I hand sewed these over the top of the fake fur that was already there – so as to not create any bumps with seams keeping the materials laying flat.

I sewed the fur to the silk and tried it on without the sleeves.

2012-08-12 17.43.46 2012-08-12 17.43.39

NOTE: at this stage you can see that I decided to not make the gown as long as Christina’s, as as much as I wanted something pretty that didn’t have to be functional – I still have to wear it in conditions that aren’t stone floors and Royal suites. Scout halls and dusty/rainy outside Canterbury Faire and Festival conditions give tide marks quickly.

I handsewed the sleeve to the gown and then whip stitched the furs together at the arm hole, I didn’t know it at the time – but this was something that they did to construct another of the extant loose gowns. This has recently been publicised in the ……….books from the V and A.


(it is always satisfying later on to know that educated guesses are in-fact correct.)

I then cut the collar and attached it.


Evaluation summary:

The pattern for the body itself is quite simple – but it is getting all the elements right, the fur, the sleeves the construction, to make it sit right on the body and puff/be voluminous in the right places.

If I made it again – with my knowledge now after making the pink 1530’s dress I would do the same to the sleeves to puff them out, but as with everything – hindsight is great, and we learn from our mistakes/experiments…



Once I finished the coat, I had a half a day to make the Kirtle.

‘There are only two weeks to festival’, is a saying we have in Lochac, and I decided I was going to not only finish the coat for St John’s  – a wonderful event run by Cluain annually 3 hours from Auckland – but also make the Kirtle in order to wear it in public.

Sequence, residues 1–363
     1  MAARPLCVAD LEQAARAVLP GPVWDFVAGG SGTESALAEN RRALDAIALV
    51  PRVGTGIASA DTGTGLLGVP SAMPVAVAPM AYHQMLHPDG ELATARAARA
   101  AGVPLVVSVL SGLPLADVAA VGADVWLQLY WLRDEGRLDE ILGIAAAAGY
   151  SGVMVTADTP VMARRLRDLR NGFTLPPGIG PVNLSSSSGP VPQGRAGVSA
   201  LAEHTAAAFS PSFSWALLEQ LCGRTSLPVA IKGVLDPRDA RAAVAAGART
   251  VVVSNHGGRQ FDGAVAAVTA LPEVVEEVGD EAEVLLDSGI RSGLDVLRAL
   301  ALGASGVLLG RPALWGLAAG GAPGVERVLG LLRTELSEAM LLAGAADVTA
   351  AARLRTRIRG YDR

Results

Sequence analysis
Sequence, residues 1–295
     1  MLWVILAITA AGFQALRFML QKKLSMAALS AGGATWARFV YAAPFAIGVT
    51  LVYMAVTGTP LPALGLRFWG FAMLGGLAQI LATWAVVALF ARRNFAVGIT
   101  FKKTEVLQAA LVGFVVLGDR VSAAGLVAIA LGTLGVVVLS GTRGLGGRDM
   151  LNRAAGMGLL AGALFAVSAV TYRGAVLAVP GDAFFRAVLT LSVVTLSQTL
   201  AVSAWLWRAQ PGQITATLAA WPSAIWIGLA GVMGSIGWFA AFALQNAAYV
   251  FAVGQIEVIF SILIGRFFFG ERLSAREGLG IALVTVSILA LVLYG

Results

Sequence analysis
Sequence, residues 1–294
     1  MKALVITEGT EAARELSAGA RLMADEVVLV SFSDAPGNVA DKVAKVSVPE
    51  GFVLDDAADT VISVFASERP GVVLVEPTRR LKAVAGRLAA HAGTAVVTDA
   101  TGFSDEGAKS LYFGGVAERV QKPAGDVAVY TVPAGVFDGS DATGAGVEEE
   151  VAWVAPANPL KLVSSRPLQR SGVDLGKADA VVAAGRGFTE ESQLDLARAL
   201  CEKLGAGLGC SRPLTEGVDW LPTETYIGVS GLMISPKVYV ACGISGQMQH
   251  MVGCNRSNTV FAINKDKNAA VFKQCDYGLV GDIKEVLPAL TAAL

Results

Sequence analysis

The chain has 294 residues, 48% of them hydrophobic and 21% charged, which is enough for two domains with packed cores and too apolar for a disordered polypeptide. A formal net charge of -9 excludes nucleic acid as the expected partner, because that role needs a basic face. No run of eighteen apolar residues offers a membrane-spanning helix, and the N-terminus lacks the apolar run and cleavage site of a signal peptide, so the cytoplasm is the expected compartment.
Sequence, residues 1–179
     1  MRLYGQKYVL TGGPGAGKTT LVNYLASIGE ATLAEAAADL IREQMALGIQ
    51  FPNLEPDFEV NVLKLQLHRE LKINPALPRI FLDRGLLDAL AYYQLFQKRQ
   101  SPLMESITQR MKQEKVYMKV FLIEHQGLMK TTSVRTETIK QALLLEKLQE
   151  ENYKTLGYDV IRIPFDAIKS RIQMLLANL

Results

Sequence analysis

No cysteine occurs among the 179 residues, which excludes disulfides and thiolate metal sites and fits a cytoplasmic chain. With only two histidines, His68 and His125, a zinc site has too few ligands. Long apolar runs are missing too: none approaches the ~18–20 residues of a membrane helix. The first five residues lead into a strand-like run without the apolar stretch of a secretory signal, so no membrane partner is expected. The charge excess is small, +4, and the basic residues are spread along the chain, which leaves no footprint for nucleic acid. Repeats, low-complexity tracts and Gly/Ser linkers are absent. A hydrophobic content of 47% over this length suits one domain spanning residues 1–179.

For this the decision was simple, I based this off the Kirtle in Patterns of Fashion p…….

The reason for this choice was it was quite a similar line to the one in the portrait and it was perfectly acceptable to me that she would have had a back lacing Kirtle.

I also decided to use materials that I had already for the Kirtle, which was easier and more cost effective.

White silk for the outside – they were old curtains that had been given to me, brown silk that I had purchased previously, for the inside, and a linen inter-lining for stability and weight.

IMG_9105 IMG_9108 IMG_9109 IMG_9110

You can see the basting stitches and the curve in the back that would draw the waist in the right place. The kirtle is actually a lovely shape once on, and very simple to construct.

The outer layer was sewn separately. The silk lining and linen lining sewn together. both the inside and outside were made up separately and then hand stitched at the arm holes, centre back and neck. The collar was then hand sewn on.

Button holes were later hand stitched into the back (there was no time to do it then – and the coat covered it completely in order to be able to just pin up the gap….cheating I know, but necessary…..)


The Gown in it’s first outing at St John’s 2012:

Christine christina


Please note: If you wish to reproduce this in any way please credit me. We all work very hard and share our knowledge freely in the SCA. It would be a shame to find my work in someone elses name. Thank you.